The Lancet Infectious Disease
Aug 2012 Volume 12 Number 8 p577 – 646
Male vaccination against human papillomavirus
David M Salisbury
If high enough coverage for vaccination against human papillomavirus (HPV) can be achieved in girls and women, boys and men should be protected from infection. Hence, routine vaccination of male adolescents might not be cost effective. At present, only Austria and the USA have recommended routine vaccination against HPV in boys and men as well as in girls and women. No reports of the coverage among male recipients seem to be available for Austria, and the US recommendation is only newly made. The consequences of such programmes, therefore, cannot be assessed.
Population-wide vaccination against human papillomavirus in adolescent boys: Australia as a case study
Melina Georgousakis, Sanjay Jayasinghe, Julia Brotherton, Nicole Gilroy, Clayton Chiu, Kristine Macartney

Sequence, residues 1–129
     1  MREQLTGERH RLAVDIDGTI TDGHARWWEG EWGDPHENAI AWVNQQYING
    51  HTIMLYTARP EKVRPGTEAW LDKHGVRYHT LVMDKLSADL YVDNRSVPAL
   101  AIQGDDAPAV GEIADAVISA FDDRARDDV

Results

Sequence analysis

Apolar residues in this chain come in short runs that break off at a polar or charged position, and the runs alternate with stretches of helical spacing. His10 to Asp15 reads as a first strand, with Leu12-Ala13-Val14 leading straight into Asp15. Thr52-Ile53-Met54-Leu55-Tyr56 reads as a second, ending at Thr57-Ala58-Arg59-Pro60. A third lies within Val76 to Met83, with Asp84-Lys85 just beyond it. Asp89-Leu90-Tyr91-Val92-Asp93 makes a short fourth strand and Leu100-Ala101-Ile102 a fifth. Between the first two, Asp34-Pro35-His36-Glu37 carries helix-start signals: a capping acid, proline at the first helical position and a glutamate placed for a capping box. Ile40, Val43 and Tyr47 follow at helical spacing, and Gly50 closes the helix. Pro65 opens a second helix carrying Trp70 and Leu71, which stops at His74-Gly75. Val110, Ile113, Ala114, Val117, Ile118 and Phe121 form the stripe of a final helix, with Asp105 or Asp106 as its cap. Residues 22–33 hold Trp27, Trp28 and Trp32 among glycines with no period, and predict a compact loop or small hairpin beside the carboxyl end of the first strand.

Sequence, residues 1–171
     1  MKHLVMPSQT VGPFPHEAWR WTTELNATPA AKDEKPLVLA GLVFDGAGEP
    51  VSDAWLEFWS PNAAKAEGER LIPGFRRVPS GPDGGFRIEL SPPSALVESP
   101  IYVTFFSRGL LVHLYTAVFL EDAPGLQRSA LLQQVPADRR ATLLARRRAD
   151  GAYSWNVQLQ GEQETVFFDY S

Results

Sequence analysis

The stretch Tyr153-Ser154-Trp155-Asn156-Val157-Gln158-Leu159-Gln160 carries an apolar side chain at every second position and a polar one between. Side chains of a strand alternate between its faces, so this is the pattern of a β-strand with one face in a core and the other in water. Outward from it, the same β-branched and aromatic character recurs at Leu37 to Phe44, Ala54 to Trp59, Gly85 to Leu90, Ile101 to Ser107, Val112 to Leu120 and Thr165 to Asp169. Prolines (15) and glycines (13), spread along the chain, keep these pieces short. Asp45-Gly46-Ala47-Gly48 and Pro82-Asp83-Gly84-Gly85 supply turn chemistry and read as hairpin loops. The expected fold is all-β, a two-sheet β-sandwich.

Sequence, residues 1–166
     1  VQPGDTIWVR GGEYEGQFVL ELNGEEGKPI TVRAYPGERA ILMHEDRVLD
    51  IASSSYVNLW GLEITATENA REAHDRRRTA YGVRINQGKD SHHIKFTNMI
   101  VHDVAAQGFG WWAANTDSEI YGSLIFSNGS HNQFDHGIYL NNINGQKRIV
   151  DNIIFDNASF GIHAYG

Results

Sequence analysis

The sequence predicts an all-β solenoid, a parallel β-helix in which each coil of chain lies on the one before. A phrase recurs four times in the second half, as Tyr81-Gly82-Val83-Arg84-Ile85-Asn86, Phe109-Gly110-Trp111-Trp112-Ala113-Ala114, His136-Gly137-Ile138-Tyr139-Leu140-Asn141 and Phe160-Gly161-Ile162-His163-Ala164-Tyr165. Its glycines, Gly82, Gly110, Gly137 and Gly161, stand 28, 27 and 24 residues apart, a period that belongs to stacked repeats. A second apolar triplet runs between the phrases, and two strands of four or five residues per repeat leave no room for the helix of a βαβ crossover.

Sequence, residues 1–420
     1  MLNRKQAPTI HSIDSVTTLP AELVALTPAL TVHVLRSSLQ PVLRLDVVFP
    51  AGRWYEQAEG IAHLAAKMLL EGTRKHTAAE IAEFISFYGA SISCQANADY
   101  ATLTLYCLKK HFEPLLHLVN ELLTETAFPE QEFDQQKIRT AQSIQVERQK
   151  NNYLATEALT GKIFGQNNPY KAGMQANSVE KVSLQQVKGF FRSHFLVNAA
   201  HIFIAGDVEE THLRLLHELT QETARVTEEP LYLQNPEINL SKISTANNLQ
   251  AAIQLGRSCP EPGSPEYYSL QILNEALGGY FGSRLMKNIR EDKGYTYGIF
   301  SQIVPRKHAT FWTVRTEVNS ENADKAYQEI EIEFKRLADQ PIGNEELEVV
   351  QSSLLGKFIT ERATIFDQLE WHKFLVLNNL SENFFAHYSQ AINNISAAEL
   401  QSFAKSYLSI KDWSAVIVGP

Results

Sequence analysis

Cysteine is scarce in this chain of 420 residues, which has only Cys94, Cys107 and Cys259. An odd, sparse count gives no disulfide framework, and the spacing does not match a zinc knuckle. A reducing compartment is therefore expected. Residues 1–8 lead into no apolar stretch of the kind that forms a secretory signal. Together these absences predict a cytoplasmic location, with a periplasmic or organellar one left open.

Female-only vaccination programmes for human papillomavirus (HPV) have been introduced in many countries aimed at the prevention of cervical cancer in women. One HPV vaccine is registered for male vaccination, but boys, men, or both, are not yet included in nationally funded HPV vaccination programmes. In this Review we discuss the different considerations relevant to the introduction of population-wide HPV vaccination of boys in Australia, which was the first country to publicly fund HPV vaccination of girls. Several factors need to be taken into account during decision making around the introduction of population-based vaccination programmes, such as local disease burden, vaccine efficacy, vaccine safety, and cost-effectiveness. Social and ethical factors are also important. Although evidence for men is increasing in these areas, uncertainties need to be kept in mind. The features discussed in this Review are likely to be applicable, with caveats, to policy making in other developed countries.